Summer Cover Crops In Short Fallow – Do They Have A Place In Central NSW?

GRDC - Colin McMaster, Allan Stevenson and Stuart Strahorn (NSW Department of Primary Industries, Orange)

Type: Research Paper
Knowledge level: Advanced

Farm Table says:

The authors of this paper note in the conclusion: “Mixed farming enterprises have good reason to capitalise on the increased biomass of a summer cover crop given the current prices for red meat (Tables 5 and 6). According to these results, the grazing value would more than compensate for the winter crop grain yield penalty. Nutrients such as nitrogen would need to be adequate to support such a high output system, however the additional income from the livestock enterprise would compensate for the additional nutritional expenses”.   Please access the full paper via the link below if this research interests you.

The take home messages from this GRDC funded research are below. Please access the full paper via the link below for methodology, references, acknowledgements and discussion.

Take home messages from the paper include:

  • Summer cover crops reduced the winter cash crop (wheat) grain yield by up to 1.5 t/ha at Canowindra and 0.6 t/ha at Parkes
  • Grain yield losses were minimized by spraying out the cover crop early
  • The grazing value ($/ha) generated from the cover crop more than compensated for the grain yield reduction based on current commodity prices
  • Pros of summer cover crops include increased ground cover, reduced soil erosion from wind and water, cooler and more consistent soil temperatures, improved autumn sowing conditions, valuable summer forage for mixed farming operations, quicker soil water recharge compared with bare ground, reduced herbicide applications over the summer fallow, and improved total soil carbon % and assumed microbial activity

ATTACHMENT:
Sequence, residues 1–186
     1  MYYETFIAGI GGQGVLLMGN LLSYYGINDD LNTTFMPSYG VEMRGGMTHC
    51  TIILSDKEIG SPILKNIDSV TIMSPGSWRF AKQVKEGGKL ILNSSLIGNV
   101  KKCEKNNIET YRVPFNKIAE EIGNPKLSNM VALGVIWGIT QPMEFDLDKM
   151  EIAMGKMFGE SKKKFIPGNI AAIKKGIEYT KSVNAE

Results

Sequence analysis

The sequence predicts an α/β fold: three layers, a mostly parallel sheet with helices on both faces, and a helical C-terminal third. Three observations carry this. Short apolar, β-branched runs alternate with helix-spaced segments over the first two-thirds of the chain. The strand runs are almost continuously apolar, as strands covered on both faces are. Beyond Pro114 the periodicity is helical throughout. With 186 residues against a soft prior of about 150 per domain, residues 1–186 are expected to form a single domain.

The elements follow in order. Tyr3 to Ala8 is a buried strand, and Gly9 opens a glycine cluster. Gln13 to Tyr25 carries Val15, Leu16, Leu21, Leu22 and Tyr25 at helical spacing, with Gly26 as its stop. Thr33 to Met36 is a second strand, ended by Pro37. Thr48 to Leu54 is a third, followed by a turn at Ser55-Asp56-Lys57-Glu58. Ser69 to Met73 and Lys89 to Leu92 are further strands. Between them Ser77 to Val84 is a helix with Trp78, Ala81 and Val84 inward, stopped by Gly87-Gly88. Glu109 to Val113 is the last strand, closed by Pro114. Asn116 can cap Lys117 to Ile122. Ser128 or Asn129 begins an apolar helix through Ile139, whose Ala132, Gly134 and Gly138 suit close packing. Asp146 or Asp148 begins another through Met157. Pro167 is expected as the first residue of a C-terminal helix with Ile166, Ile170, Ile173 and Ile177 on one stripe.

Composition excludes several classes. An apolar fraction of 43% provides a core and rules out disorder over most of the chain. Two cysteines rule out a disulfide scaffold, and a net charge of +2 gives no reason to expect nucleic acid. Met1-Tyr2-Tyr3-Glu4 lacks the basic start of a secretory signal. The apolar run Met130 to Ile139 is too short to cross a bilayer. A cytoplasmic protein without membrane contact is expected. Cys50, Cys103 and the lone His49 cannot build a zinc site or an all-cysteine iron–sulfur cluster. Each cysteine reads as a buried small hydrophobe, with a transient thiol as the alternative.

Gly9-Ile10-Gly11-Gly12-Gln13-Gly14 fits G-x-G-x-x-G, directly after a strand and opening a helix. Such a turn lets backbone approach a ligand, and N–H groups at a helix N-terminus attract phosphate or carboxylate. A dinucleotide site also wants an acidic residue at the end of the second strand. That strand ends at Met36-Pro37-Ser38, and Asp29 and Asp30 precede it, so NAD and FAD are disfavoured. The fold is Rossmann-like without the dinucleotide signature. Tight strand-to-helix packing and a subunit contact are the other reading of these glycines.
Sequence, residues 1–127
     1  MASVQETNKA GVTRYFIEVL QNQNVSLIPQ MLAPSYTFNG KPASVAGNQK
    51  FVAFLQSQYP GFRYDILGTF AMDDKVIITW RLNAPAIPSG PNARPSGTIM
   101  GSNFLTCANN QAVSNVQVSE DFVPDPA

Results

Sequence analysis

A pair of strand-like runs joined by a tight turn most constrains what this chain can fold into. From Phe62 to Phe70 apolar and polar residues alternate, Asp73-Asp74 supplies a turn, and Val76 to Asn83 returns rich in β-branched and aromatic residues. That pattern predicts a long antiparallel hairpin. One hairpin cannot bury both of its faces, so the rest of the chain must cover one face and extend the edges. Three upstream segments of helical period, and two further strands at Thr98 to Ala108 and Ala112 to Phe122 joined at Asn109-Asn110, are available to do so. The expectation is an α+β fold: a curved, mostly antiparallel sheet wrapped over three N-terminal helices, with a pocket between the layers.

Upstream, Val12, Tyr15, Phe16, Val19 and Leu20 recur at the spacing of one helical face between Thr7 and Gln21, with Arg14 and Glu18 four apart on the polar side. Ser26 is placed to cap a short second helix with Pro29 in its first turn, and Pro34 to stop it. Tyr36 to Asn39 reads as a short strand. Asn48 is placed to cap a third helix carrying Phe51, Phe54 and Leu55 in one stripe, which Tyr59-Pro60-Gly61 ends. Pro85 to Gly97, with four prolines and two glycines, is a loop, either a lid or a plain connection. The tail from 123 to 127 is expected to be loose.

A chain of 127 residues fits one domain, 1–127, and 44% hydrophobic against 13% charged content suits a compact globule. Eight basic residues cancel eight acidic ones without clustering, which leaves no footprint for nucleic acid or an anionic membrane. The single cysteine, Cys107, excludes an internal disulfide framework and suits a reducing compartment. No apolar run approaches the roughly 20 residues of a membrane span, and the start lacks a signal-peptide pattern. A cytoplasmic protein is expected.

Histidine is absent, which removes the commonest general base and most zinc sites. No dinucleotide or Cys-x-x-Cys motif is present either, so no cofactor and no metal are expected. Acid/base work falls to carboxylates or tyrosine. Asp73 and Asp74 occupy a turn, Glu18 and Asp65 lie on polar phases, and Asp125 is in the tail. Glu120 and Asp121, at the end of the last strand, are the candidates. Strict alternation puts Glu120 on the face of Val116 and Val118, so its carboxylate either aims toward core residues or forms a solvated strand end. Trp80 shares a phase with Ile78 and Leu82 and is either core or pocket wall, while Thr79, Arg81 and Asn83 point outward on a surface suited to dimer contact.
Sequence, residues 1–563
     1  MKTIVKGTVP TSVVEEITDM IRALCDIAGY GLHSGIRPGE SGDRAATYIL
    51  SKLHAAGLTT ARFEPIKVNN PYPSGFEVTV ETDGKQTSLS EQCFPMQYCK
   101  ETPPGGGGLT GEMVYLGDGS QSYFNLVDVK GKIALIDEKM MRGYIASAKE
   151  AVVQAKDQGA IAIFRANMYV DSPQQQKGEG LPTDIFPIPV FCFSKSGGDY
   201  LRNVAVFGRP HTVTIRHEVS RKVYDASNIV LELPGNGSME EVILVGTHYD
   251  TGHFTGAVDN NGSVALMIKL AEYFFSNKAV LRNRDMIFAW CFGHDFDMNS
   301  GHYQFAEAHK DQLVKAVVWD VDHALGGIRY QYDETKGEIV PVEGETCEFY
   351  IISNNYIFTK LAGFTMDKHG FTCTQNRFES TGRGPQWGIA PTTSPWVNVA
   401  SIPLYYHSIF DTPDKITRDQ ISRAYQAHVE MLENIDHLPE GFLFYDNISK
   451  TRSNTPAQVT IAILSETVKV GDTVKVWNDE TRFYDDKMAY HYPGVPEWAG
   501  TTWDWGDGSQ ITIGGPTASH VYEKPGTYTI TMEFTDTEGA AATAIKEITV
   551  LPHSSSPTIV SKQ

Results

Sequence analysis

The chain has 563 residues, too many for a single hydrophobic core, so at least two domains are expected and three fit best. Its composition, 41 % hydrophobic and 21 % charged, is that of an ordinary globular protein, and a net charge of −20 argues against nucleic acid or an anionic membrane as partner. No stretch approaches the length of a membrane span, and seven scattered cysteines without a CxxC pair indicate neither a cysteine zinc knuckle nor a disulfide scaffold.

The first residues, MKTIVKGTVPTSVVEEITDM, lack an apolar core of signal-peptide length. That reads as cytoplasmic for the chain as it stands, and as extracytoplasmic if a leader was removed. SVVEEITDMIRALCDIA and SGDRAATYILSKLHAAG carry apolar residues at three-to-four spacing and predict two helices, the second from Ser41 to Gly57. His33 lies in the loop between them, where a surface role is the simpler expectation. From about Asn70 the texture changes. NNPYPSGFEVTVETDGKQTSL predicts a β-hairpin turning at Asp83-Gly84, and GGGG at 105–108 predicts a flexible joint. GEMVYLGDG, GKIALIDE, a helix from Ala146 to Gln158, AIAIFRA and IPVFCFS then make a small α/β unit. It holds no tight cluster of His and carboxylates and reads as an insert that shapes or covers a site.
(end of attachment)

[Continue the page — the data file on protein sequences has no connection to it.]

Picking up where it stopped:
• Cons of summer cover crops include reduced mineral nitrogen and reduced grain yield for the following winter cash crop, increased risk of soil water deficit in low rainfall years (or greater reliance on in-crop rainfall), additional seed costs, patchy establishment of summer cover crop due to rapidly drying soils, high herbicide rate required to terminate cover crop, and increased disease risk (stubble and soil) due to green bridge for the following winter cash crop
  • Risks associated with cover crops are reduced by: longer fallow period post cover crop for soil moisture recharge and mineralisation of cover residue; incorporating livestock within the system to convert surplus biomass to $/ha; seasons with high rainfall; additional nitrogen fertilizer application for winter cash crop
  • The optimum ‘crop type selection’ and ‘spray out timing’ will vary depending on individual paddock and enterprise goals.

2020 - Australia - GRDC - Colin McMaster, Allan Stevenson and Stuart Strahorn (NSW Department of Primary Industries, Orange)
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